By David W. Clark, Ed.M.
People, rather than programs, are decisive in giving a college education value.
Hmmm. It’s an interesting thought, after all that time, effort, and anxiety spent throughout high school nervously searching for the right match of college setting. Is it strong in my prospective major? What about career-focused internships? Retention rate? Graduation rate?
New York Times columnist Frank Bruni makes a similar point in his fascinating book on just this topic, Where You Go Is Not Who You’ll Be (Grand Central Publishing, 2015). At one point, Bruni refers to Michael Lindsay’s 2014 study of 550 corporate CEOs, college presidents, and elected leaders.
The undergraduate colleges attended by these accomplished leaders was varied and showed no pattern. No Ivy league bias? Nope, none.
Research done on the colleges themselves suggest a similar, related point. Dan Chambliss, a professor at Hamilton College in New York, headed a 10-year longitudinal study funded by the Mellon Foundation to answer this question: What is the key to making an (expensive) college education work for you?
The conclusion of Chambliss’s research?
The most important single factor is the personal connections you make – with a professor, your advisor, and other students in your major.
What does this mean for your college search? Be an educated consumer. Do your research. Visit campuses. Talk to people: a neighbor who attended the college that has your interest, a counselor with expertise in the college search. Ask tough questions.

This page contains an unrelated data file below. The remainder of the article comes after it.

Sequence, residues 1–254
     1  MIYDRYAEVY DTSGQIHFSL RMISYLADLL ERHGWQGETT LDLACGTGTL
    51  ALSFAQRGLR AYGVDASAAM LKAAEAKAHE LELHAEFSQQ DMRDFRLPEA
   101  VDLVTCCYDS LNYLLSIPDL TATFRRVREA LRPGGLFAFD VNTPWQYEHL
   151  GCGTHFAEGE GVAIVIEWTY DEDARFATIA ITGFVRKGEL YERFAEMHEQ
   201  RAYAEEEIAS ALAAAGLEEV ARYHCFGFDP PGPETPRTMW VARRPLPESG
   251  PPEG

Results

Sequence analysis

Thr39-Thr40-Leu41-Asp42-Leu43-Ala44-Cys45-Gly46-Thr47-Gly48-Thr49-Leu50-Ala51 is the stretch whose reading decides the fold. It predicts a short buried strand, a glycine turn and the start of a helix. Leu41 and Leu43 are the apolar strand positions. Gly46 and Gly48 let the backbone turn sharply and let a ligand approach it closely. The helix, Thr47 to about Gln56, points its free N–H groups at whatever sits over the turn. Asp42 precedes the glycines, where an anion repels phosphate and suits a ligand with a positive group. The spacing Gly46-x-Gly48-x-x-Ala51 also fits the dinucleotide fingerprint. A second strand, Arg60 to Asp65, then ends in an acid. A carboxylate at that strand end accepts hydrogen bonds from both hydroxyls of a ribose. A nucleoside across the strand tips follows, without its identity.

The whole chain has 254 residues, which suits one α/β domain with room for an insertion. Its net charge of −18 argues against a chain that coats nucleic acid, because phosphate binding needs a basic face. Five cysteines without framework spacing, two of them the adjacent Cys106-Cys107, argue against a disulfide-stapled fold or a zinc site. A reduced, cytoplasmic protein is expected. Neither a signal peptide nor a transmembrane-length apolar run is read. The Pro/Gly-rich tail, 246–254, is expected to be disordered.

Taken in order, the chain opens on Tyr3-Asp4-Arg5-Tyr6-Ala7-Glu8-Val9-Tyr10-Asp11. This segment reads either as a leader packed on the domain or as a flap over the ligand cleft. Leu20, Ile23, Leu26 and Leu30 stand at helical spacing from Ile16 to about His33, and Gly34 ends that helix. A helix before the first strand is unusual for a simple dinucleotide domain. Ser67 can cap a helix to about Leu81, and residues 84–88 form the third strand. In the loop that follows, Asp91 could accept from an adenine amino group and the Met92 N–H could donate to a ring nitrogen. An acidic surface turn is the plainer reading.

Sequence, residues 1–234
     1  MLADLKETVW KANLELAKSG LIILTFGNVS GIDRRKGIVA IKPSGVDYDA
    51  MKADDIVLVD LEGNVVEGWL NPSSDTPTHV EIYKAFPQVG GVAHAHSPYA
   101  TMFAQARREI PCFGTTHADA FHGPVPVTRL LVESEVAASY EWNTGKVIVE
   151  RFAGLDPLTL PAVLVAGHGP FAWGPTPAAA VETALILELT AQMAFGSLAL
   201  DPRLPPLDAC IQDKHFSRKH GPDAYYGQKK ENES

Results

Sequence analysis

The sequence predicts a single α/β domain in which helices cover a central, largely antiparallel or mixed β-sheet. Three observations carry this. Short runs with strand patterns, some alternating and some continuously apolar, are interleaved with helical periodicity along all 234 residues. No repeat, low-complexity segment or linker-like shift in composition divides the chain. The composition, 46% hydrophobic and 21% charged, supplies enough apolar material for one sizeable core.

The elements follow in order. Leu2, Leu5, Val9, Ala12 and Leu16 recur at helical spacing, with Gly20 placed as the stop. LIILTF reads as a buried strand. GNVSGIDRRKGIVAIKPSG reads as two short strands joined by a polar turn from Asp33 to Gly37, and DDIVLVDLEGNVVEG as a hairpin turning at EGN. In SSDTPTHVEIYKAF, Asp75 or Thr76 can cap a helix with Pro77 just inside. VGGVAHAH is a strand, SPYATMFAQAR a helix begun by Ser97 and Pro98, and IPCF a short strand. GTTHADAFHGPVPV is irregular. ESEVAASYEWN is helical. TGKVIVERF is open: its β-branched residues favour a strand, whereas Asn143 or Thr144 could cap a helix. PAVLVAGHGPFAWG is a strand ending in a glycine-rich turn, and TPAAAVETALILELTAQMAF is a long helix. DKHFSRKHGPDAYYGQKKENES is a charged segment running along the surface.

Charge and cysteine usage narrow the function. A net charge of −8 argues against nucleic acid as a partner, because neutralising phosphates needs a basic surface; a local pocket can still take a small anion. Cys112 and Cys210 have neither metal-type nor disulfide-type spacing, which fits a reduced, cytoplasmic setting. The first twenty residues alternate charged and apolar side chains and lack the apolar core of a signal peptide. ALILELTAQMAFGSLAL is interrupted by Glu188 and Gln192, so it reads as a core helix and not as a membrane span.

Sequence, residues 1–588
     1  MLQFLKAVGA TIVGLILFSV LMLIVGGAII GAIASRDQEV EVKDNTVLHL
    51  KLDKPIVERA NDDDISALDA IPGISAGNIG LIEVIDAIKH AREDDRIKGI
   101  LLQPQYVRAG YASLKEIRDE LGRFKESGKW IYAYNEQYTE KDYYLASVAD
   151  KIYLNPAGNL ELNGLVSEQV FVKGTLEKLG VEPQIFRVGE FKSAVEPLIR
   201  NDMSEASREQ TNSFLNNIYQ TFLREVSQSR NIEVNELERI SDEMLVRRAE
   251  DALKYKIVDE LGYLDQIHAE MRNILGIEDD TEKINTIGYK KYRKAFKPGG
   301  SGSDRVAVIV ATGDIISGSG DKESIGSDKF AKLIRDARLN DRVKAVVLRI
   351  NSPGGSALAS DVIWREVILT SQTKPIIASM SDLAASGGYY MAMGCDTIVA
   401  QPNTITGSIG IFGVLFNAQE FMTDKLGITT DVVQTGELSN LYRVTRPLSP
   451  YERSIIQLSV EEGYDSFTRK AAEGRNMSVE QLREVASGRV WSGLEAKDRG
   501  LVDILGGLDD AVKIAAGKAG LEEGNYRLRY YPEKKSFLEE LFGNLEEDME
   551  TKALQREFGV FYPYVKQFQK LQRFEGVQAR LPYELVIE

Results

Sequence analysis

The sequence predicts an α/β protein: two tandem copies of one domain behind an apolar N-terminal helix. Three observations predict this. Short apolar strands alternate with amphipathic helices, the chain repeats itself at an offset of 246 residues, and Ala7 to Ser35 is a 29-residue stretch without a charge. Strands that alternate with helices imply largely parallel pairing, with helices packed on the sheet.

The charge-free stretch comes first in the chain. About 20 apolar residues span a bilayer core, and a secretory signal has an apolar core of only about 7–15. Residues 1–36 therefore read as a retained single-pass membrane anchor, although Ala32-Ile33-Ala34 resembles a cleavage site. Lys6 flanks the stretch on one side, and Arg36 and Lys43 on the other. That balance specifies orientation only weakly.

Next week’s topic: tips on becoming a savvy college consumer.
Mark your calendar for a complimentary evening program on Sept. 9 at 7 PM at the Newtown Public Library (201 Bishop Hollow Road in Newtown Square) for college-bound high school students and their parents.
Become a savvy college consumer. So little time, so many choices. This workshop will include strategies for making the college search work for you and help in de-mystifying paying for college.
Please RSVP at email@example.com.
For questions, call Mr. Clark at 610-304-719 (cell) or 610-642-4873 x 52 (office).
David W. Clark, Ed.M. is an independent college admission consultant, with offices in Paoli and Ardmore, who has been working with high school students for more than 35 years. David is a graduate of the Harvard University Graduate School of Education. His website www.collegesearchnow.net is worth visiting, and he can be reached there.